There has been much talk of the rich man and Lazarus over the time. Much argument has taken place over whether the words of Yahshua in Luke 16:19-31 were intended to be understood literally or as a parable.
But is it to be taken as literal or is it simply a parable?
Well, let us have a look at it from both angles.
To begin this study, we’ll take a closer look at just what a parable really is, and then examine the setting in which Yahshua told this story. Perhaps then we will better understand what lessons there are for us in the story of the rich man and Lazarus.
The Random House College Dictionary describes a parable as “a short, allegorical story designed to convey a truth or moral lesson.” Cruden’s Complete Concordance further expands this concept, saying that parables in the Bible were used “more generally than elsewhere.” We know that the Bible writers used situations both imaginary, as in the trees asking the bramble to be king over them (Judges 9:8-15), and realistic in parables. Whatever form the parable took, it was only a vehicle for the moral lesson being taught.
In simple terms, a parable signifies a complete and often imaginary story from which a moral or lesson is to be drawn.
Matthew 13:34 All these things spake Yahshua unto the multitude in parables; and without a parable spake he not unto them:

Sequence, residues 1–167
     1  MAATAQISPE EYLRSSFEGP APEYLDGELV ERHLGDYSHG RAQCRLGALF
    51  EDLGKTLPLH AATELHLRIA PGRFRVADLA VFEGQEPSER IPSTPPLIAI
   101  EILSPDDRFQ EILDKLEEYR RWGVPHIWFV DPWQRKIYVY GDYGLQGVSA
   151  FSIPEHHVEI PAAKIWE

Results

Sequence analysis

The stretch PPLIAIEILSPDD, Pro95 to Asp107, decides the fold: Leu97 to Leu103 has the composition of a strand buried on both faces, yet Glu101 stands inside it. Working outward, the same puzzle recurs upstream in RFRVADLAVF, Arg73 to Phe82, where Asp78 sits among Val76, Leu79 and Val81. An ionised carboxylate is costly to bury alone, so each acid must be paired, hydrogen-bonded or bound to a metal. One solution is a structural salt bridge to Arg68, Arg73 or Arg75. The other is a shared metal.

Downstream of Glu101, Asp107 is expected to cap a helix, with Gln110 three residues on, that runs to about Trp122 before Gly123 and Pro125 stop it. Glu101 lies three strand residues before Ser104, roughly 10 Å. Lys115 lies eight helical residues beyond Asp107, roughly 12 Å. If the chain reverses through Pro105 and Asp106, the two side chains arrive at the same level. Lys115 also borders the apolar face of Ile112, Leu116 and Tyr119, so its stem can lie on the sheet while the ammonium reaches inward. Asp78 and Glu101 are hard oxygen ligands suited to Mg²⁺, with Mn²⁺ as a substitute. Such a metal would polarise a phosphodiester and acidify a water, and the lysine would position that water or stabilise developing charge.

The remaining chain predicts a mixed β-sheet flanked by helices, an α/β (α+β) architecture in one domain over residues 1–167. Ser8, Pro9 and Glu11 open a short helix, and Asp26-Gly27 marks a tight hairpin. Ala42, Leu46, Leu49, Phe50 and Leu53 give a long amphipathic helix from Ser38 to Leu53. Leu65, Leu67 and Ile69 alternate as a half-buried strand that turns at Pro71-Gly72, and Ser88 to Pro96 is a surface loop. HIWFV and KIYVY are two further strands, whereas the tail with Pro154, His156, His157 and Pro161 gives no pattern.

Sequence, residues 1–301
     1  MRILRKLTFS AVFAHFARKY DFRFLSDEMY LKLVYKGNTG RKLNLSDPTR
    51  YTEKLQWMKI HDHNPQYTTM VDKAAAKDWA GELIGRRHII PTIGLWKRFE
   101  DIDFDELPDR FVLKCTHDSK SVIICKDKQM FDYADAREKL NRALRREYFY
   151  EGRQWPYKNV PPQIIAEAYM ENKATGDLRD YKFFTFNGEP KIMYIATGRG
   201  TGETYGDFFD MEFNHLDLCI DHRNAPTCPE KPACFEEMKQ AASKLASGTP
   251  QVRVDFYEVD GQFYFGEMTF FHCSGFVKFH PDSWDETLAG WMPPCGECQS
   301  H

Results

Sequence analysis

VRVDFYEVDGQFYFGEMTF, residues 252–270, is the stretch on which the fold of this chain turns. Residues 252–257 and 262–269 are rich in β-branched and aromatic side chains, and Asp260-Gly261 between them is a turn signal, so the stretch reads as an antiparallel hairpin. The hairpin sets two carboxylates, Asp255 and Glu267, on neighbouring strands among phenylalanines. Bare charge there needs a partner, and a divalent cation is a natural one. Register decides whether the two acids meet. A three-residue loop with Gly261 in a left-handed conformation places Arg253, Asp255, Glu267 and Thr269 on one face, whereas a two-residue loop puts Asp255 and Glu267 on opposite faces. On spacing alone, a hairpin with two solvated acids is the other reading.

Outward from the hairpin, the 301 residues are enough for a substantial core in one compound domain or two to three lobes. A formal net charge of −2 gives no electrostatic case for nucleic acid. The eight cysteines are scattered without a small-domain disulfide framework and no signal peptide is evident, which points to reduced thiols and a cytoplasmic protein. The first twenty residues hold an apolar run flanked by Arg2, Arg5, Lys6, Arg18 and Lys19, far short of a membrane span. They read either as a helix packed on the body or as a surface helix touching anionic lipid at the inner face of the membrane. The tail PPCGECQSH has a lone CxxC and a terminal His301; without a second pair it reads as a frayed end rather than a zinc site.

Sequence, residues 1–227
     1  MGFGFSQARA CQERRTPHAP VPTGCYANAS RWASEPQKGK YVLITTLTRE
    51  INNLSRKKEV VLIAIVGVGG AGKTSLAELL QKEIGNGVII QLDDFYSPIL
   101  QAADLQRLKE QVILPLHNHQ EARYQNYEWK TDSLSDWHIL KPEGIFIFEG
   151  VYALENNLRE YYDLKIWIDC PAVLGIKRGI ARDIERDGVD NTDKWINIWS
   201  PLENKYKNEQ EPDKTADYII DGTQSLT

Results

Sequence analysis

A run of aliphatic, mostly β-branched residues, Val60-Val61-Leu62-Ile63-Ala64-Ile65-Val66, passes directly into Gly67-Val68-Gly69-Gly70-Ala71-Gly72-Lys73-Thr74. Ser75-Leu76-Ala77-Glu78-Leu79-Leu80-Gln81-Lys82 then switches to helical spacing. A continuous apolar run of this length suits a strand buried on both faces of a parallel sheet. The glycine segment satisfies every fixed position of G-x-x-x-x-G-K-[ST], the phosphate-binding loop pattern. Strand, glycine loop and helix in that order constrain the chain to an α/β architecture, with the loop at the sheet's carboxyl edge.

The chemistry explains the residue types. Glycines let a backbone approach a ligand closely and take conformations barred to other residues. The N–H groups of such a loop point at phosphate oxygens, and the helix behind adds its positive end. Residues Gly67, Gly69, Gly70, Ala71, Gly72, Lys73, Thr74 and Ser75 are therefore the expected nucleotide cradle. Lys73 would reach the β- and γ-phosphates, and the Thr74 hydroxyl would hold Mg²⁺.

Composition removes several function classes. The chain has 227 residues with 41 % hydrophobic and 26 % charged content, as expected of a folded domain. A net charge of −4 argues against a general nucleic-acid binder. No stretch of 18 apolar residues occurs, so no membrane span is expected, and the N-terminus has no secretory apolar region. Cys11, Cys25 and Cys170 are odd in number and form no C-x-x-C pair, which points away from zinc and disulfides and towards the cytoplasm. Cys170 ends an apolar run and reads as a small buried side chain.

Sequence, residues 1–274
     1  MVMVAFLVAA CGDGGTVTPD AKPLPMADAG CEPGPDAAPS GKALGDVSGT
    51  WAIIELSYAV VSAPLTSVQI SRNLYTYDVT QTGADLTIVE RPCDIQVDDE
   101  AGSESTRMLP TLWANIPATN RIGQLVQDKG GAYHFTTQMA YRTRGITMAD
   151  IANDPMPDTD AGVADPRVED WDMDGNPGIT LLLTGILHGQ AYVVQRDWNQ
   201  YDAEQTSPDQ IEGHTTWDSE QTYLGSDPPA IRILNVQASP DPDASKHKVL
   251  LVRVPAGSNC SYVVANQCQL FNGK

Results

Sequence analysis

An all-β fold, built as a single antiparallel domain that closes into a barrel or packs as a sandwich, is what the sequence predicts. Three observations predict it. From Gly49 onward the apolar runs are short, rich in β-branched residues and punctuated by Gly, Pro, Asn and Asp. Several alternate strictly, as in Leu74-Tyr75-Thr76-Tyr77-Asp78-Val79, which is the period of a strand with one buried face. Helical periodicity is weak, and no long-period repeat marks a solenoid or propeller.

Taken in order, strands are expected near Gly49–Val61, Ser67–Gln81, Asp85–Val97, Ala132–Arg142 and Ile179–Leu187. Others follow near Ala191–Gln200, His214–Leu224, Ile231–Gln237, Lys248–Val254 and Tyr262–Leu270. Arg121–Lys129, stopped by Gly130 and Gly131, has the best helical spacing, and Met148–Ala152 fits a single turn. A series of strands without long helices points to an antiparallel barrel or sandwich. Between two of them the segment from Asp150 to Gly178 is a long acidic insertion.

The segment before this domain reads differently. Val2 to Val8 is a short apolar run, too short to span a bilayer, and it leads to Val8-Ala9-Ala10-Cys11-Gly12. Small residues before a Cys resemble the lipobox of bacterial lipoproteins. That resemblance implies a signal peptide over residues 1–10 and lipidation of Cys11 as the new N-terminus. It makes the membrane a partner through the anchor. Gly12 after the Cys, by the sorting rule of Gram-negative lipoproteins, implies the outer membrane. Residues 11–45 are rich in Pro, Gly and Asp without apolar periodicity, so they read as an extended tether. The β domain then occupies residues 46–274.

Mark 4:34 But without a parable spake he not unto them: and when they were alone, he expounded all things to his disciples.
By the above two verses we learn that Yahshua never spoke without a parable to the people. Only to His disciples did He speak without a parable.
It is appropriate here then to ask to whom Yahshua was speaking to in Luke 16:19-31? Which category of people was He dealing with? The last verse before Yahshua’s voice begins in this passage tells us. Verse 14 says, “And the Pharisees also, who were covetous, heard all these things: and they derided him.”
So we learn that Yahshua was speaking to the Pharisees, a class of men who were notorious all through the gospels for their refusal to deal honestly with Him and the truths He taught.